February 2, 2010 9:22:00 AM
When Anthony Grant and Billy Donovan take the court Thursday night, it will complete one of the greater coaching circles in the Southeastern Conference.
Grant, a former assistant coach to Donovan at the University of Florida and Marshall, has steered the University of Alabama men''s basketball team to a 13-8 record and 3-4 mark in the league. It''s no surprise to Donovan, who has seen another one of his protégés -- former Kentucky player and Arkansas coach John Pelphrey -- land a job in the SEC.
"I always admired there was a lot of people getting head coaching jobs and he never networked to try and get a job," Donovan said Monday during the SEC teleconference. "I told the athletic director at VCU when they were getting ready to hire him I was shocked with some of the success we had that some people really did not go after him in a big time way. Of all the coaches that had been hired, that was the best get to have him at VCU. The job he''ll do at Alabama will show itself in time."
Thursday''s matchup in Tuscaloosa, Ala., comes at critical junctures for both teams. Alabama is coming off a tough 58-57 loss to rival Auburn on Saturday, while Florida had the heartbreak of watching Alex Tyus'' close-range shot draw iron at the horn in a 61-60 loss to Tennessee on Sunday.
Both teams are fourth in their divisions, and Donovan expects Grant''s best because he knows him better than anyone else in the league besides Pelphrey.
"There''s a lot of mirroring of both teams," Donovan said. "I think, like anything else, the core values and things you''re going try to implement to a team as far as the shell of it''s concerned, there''s going to be a lot of similarities. The style in terms of trying to play 94 feet, trying to create turnovers, pressing, different concepts offensively, I think there''s a lot of similarities."
The other branch to the tree, at least on the Alabama end, is assistant coach Dan Hipsher, who recruited and coached Grant at Dayton before giving him his first college coaching shot at Stetson.
The former Arkansas assistant, speaking in Grant''s place Monday, believes Grant takes pride in the success he and Donovan achieved (two national titles) at Florida and wants to build that tradition at Alabama.
"I think it''s influenced Anthony a ton," Hipsher said. "As with any coach, Billy''s influenced a lot of coaches. Anthony being with him for 10 years, he''s really taken a lot from him. I think like all us coaches do, you learn from the people you''re around."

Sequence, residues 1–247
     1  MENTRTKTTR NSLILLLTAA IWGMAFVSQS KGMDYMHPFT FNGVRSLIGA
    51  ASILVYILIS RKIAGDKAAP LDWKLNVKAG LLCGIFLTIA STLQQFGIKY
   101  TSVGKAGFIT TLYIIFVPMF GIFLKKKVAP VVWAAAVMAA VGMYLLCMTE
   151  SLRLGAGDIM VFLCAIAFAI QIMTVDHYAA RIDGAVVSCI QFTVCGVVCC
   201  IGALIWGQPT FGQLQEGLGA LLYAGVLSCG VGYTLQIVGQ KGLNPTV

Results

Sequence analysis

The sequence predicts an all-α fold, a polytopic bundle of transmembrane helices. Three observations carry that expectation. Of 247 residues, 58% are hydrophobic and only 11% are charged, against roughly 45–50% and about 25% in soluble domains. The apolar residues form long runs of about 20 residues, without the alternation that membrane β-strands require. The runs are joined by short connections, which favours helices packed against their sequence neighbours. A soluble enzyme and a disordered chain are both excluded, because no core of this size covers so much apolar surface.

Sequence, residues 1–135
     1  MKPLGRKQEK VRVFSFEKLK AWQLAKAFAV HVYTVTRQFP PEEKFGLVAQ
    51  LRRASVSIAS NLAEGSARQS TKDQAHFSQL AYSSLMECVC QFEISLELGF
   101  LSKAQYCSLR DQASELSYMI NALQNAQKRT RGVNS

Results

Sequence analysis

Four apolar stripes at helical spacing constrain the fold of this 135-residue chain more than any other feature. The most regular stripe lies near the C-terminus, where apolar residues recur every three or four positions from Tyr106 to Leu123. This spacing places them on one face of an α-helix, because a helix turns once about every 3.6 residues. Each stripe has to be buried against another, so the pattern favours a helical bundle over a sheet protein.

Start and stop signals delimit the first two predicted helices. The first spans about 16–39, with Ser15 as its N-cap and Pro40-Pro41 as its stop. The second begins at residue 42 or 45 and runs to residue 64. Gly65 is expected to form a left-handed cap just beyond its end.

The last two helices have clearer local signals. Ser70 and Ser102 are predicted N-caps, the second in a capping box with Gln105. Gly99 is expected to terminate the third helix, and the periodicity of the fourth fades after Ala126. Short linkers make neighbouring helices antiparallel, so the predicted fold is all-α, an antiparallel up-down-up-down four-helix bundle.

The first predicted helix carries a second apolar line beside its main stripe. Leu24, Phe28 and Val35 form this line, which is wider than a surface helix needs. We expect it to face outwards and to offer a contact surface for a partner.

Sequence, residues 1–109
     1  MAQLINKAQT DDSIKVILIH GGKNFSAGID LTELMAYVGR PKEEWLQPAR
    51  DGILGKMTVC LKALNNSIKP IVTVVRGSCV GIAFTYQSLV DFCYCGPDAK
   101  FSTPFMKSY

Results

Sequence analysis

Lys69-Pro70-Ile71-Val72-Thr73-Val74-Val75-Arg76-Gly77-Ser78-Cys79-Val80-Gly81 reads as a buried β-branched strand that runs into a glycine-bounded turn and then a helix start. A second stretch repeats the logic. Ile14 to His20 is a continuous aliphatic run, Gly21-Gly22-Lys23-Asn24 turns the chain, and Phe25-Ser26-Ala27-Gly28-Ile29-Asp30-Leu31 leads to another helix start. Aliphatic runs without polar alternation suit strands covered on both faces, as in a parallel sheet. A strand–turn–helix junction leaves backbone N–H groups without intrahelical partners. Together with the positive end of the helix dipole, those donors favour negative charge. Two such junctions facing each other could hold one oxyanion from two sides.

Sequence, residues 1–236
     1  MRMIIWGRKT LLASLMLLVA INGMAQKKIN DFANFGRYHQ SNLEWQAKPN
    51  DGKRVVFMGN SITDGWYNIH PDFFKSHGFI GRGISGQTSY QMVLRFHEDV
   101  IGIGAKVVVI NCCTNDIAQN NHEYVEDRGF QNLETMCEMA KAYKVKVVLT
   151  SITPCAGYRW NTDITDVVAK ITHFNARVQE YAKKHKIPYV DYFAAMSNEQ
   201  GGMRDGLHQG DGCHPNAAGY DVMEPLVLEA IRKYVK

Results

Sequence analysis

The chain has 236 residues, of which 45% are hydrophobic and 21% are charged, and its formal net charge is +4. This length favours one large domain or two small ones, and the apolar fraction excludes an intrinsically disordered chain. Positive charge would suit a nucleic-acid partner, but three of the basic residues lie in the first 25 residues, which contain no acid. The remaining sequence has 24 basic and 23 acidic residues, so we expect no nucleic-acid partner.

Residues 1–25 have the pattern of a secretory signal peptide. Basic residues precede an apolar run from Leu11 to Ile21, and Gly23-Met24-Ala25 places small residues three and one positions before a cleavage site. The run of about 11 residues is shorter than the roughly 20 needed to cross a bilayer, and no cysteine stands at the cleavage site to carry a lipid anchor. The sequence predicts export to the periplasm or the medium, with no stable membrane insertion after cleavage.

Calipari knew it wouldn''t be easy
At 20-1, the Kentucky Wildcats have made it look simple at times this season.
For all the light shining out of Lexington, Ken., these days, thoughts of John Calipari''s old Memphis squads are evoked when analyzing the potential for this year''s Wildcats and beyond.
In reality, however, the Southeastern Conference and Conference USA are on different echelons based on the number of quality players, Calipari said Monday.
"The level, overall is kind of like they''re seven, eight deep (in the SEC)," Calipari said. "When you get into the bench in this league, you''re not getting anybody. We''re going to play Mississippi, and when they go to their bench it''s not like they''re getting worse."
the bull''s eye on his team''s chest remains the same in Calipari''s transition into the league.
He used South Carolina guard Devan Downey''s late-game heroics against in the Wildcats'' upset loss as an example of the caliber of players in the league. He said his players will have to rebound to defend their renewed status as an elite team.
"Everywhere we go it''s someone''s sellout," he said. "The difference is everything is at a level where every team in here has a player or two on their team that can break you down and score at will. Downey just went nuts at the end of the game and made two impossible shots. We hold him to 34 percent, we play poorly and if he doesn''t make those two shots we probably win the game.
"They all have that guy."
Wall-Calipari riff squashed
Kentucky freshman John Wall and Calipari disagreed with the latter''s assessment of the guard''s performance against South Carolina, but the coach said the verbal trade between them isn''t an issue.
The guard was unhappy about Calipari''s criticism of him and voiced his feelings Saturday after the Wildcats beat Vanderbilt.
"I don''t know, he said I played awful," Wall said. "I don''t think I played that bad. I don''t know what to expect. He''s probably going to say I played bad today, too. I just try not to listen to him and go out and play basketball."
Calipari attributed his freshman''s frustrations to the level of play he has reached in such a short time after being the top recruit in the country.
"You''re trying to live up to this hype that they''ve built up for you and you''re going to be unhappy if you try to live up to it," Calipari said he told Wall. "Just play, have fun and enjoy yourself. When you play bad, it''s OK to play bad. Derek Rose and Tyreke (Evans) had bad games. It''s OK."
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